The monks pass through all the three doors, which are 12 feet high, into the temple. Pin drop silence prevails in the temple even though the monks number over a thousand. They sit on long carpets laid on the marble floor in front of the Buddha statues. The current Rinpoche recites the prayers written by Padma Sambhava, a Buddhist monk who lived in Tibet during the 18th century. The other monks repeat the lines from a hand book shaped like a palm leaf manuscript. The prayer book is placed on a folded saffron-coloured cloth.

Bylakuppe: A Tibetan 'nation' that grew from 10 to 10,000 people
The monks are engaged in prayers from daybreak to midnight.

After an hour, the main monk holds up a golden dome against the Buddha statue and recites a prayer. The dome is filled with items like apple, pineapple, orange, cherry, rice and sugar candy. After each section of the prayer, a portion of the items are shifted to a bucket. The monks are given a drink during the prayers and they themselves remove the empty bottles from the prayer hall.

Golden Temple has three statues of the Buddha which depict him as Padmasambhava, Sree Buddha and Amitayus. The temple was consecrated by Dalai Lama in 1961 and the monks have been offering prayers to these idols since then. Visitors are not allowed into the temple during prayers, but they can watch the rituals from outside. Photographs can also be clicked.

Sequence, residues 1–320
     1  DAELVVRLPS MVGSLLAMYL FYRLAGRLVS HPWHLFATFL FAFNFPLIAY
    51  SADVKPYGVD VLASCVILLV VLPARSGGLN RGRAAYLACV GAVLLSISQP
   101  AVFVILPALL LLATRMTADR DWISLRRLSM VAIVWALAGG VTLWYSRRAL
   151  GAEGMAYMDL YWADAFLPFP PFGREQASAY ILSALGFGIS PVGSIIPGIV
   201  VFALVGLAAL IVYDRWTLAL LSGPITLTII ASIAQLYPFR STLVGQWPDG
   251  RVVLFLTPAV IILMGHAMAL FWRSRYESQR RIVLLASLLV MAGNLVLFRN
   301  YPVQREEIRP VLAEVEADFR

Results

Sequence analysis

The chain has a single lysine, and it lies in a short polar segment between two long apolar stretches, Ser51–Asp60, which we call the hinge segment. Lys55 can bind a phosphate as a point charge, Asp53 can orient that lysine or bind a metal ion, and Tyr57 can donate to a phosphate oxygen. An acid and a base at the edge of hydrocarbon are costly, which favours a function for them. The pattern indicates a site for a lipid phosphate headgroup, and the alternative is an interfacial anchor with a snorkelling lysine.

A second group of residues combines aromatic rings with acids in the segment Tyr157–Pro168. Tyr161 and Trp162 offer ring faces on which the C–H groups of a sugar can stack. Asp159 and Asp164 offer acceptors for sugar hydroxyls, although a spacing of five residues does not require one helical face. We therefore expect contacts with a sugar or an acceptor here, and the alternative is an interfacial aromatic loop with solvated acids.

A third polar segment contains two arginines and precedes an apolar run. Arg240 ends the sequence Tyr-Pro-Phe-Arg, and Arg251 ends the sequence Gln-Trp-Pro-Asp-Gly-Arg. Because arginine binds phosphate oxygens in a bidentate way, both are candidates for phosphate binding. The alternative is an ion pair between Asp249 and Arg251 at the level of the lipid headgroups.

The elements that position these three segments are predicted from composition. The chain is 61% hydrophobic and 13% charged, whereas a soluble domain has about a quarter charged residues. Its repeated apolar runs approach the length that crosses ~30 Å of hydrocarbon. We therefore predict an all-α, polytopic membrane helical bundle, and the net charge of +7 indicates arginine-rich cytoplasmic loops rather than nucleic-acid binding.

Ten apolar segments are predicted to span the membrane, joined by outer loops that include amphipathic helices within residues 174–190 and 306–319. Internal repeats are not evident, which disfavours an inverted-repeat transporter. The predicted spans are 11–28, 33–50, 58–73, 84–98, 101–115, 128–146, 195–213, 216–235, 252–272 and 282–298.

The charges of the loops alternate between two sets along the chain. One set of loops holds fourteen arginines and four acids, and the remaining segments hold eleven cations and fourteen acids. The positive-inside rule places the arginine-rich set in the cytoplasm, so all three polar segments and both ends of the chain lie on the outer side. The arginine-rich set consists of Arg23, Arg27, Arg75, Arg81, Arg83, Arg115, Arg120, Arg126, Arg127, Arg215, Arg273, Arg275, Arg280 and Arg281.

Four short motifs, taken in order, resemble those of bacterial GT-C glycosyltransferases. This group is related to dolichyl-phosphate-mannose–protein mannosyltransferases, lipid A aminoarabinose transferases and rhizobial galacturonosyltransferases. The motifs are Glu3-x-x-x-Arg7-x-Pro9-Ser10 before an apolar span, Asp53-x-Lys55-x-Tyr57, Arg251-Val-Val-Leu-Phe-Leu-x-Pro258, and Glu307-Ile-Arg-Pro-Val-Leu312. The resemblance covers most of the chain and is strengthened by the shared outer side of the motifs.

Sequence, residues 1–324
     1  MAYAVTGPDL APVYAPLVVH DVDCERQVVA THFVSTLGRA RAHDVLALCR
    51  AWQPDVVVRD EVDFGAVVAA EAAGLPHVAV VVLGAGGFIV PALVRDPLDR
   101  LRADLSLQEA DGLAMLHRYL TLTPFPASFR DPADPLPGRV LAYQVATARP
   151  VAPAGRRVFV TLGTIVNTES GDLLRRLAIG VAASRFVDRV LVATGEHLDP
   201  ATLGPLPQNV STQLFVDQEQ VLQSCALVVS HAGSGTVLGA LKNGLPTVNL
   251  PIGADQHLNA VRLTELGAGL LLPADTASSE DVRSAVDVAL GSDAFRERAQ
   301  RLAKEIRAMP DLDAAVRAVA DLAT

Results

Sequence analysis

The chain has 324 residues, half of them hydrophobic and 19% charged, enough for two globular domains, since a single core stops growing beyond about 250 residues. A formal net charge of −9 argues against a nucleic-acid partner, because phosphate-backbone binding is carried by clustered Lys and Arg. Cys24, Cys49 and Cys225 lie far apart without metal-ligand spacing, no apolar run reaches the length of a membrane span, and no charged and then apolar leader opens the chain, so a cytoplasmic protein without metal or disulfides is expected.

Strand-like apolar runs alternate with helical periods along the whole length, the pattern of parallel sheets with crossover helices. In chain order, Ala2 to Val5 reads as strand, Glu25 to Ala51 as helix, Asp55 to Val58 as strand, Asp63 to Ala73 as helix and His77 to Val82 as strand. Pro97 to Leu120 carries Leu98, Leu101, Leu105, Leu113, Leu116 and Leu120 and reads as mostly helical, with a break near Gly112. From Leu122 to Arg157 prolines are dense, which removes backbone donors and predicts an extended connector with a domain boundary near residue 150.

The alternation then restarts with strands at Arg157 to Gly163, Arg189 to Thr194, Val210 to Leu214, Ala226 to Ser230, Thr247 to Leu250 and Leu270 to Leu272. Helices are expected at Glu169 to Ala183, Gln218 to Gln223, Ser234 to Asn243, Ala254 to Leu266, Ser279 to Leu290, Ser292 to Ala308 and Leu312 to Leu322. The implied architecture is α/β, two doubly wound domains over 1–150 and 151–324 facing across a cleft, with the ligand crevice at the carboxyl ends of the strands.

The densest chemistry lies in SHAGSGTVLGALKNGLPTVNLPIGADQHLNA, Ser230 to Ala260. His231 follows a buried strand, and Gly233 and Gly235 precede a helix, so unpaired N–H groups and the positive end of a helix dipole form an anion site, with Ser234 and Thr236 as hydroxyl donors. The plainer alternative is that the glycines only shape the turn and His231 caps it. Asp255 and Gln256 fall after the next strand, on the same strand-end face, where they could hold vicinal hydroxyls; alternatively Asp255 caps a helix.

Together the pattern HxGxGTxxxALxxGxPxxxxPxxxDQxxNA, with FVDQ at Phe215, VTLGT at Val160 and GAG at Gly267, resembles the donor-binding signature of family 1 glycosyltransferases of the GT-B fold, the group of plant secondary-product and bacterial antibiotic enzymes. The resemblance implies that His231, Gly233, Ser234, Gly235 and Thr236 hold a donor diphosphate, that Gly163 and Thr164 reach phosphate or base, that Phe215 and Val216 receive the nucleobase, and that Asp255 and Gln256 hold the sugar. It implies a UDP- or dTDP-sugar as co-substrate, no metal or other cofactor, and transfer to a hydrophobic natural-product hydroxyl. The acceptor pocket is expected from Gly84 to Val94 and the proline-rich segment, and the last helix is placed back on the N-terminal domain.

By 12 noon, the morning prayers end and the monks head to their quarters. The atmosphere which was calm and quiet since day break suddenly comes alive with the Tibetan language echoing all over the place. The visitors are then admitted into the temple. They turn busy clicking the images of the Buddha idols, carpets and other attractions. Often, monks request them to avoid crowding around the Buddha statues for clicking selfies.

Numerous paintings adorn the space around the three Buddha statues. They depict the various divine beings in Buddhist mythology. The area in front of the idols is decorated with lamps, festoons and other items. Incense sticks spread the feel of a Hindu temple.

The Golden Temple is a huge hall with eight big pillars and several windows all around. However, it has only three doors, all of which are on the front side. From the outside, the temple looks like a massive wedding hall. Its name is written as ‘Padma Sambhava Vihara’ in Tibetan, Kannada and Telugu.